Would hiring a professional congressional lobbyist be a good way for Blaine County to secure federal funding for local infrastructure improvement projects and other public needs?
The Blaine County Commission began batting this question around early Tuesday morning during their regularly scheduled weekly meeting in Hailey. Leading the discussion was Blaine County Commissioner Sarah Michael, who has worked as a professional lobbyist in Washington D.C. in the past.
Speaking to fellow Commissioners Tom Bowman and Larry Schoen, Michael said she recently sat down with Idaho lobbyist Ken Lee to discuss ways he might be able to help the county secure federal funding in the form of grants and other appropriations.
"He works for local governments," Michael said. "He lobbies appropriations committees."
She said Lee charges a $1,500 a month retainer fee for local governments he's working with to secure funding for critical public projects.
Michael said when Lee is successful securing funding for a particular local government he charges a fee that's based on a sliding scale percentage of the granted funding amount. She said that for funding up to $1 million, Lee charges a 6-percent fee. From $1-3 million he charges a smaller 5 percent fee, she said. On grants of $25 million or more he charges a 1-percent fee.
However, the payment Lee receives cannot come out of the federal funds themselves, but rather from county coffers, Michael said.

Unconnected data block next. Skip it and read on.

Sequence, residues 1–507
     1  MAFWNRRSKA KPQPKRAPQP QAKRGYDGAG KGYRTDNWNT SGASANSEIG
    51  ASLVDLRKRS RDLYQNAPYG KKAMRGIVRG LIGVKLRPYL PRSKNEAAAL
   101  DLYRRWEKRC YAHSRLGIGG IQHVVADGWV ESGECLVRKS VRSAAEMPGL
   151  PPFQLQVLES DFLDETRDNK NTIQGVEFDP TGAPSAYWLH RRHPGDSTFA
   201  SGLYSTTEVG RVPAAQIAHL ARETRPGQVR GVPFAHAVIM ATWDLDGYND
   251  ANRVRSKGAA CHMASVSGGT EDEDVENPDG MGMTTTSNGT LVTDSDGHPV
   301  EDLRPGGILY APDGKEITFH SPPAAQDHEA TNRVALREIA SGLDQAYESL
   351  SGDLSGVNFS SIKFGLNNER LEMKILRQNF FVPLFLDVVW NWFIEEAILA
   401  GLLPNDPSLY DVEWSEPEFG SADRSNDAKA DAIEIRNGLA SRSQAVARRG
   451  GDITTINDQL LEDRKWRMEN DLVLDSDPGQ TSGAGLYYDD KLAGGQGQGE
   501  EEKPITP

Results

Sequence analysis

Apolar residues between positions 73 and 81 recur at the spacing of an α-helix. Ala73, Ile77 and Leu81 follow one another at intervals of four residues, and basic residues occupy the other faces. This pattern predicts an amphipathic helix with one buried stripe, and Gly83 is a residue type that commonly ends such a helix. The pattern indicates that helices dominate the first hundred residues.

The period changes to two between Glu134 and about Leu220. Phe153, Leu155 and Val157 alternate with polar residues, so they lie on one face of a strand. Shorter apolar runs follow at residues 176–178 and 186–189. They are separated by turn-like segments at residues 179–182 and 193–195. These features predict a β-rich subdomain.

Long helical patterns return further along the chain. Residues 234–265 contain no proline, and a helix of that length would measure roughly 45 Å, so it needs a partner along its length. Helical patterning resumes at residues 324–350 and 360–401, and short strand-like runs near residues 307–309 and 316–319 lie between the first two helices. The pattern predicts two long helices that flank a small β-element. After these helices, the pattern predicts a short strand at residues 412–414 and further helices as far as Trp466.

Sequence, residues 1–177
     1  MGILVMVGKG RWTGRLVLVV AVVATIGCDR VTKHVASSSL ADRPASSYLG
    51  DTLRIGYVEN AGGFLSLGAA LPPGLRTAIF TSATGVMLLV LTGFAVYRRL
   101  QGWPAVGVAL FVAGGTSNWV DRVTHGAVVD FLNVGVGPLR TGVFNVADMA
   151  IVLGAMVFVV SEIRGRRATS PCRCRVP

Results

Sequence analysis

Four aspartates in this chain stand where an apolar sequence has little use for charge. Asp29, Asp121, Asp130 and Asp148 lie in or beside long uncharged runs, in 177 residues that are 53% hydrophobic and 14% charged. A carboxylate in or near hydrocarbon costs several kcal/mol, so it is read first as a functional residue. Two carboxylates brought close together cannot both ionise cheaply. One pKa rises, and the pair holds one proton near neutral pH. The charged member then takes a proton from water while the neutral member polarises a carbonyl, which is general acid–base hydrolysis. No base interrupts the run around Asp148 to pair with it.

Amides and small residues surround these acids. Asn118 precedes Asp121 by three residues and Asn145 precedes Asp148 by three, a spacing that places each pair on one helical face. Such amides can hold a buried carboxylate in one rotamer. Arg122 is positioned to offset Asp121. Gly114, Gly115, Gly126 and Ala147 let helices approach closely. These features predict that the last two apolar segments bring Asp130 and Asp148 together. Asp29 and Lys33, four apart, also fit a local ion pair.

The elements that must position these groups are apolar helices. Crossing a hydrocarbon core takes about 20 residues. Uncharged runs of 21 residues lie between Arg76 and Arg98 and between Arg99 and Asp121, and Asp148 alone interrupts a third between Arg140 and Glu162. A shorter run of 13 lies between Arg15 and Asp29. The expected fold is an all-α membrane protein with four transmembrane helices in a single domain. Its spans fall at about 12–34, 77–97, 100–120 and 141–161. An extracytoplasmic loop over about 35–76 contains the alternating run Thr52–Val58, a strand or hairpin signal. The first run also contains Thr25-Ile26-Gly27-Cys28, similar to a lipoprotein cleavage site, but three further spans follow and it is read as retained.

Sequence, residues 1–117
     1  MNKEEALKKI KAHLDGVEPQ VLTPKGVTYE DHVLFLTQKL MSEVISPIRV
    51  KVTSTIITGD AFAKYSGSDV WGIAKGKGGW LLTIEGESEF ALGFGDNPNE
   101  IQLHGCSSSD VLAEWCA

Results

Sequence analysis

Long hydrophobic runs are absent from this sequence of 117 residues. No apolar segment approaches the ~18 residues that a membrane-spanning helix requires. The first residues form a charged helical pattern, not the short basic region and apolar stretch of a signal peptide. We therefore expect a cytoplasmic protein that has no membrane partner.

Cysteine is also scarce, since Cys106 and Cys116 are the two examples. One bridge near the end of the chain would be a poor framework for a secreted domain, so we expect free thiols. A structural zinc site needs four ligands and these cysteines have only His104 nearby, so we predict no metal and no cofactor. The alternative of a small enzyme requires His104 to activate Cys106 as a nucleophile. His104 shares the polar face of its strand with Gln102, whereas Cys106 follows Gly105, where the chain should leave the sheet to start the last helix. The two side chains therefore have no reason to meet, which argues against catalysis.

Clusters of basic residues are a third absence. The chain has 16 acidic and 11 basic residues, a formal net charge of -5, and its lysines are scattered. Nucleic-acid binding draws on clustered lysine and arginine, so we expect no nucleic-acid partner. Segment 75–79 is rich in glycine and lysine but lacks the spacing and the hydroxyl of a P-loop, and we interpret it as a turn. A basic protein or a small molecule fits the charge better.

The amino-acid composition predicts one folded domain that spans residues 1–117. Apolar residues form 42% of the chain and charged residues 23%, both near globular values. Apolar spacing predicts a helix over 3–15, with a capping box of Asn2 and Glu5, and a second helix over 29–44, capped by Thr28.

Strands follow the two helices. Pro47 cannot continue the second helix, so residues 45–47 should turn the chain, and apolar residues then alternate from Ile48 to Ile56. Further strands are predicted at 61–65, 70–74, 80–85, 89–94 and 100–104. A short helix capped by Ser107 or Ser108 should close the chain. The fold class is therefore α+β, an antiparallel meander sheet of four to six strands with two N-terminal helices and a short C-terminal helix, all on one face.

She said that while no decision has been made to hire Lee, the two of them did discuss a possible start date of Jan. 1, 2008. She said that would coincide nicely with Congress' budgeting calendar.
For her part, Michael expressed interest in the idea of hiring Lee to help the county secure federal funds.
"He impressed me a great deal," she said.
Asked by the other commissioners if any other resort counties—especially those in Colorado—have hired their own lobbyists, Michael said not many have.
"I think we would be one of the earliest," she said. "It would provide benefits."
Michael's counterparts on the commission, especially Blaine County Commissioner Larry Schoen, expressed cautious interest in the idea.
"I have such mixed feelings on this sort of thing," Schoen said.
He said if he was to feel comfortable with proceeding along that path, the county would need to identify what needs exist that could benefit from federal funding.
"Maybe now is not the right time to be pursuing this," Schoen said.
Michael and Bowman both noted needs they said could benefit from federal funding. These included a comprehensive study of the health of the Big Wood River in concert with the U.S. Army Corps of Engineers, historical preservation funds for restoring portions of the Old Blaine County Courthouse and turning First Avenue near Blaine County offices in Hailey into a public pavilion.
Saying that, like Schoen, she too has concerns about how federal funding is allocated, Michael said she still thinks it's worthwhile to look into how such funding could benefit Blaine County.
"I hate pork, but Congress isn't giving it up," she said.
The County Commission decided to delay making any decision on the matter until a public meeting sometime in the near future. The commission will discuss what funding needs may exist at the meeting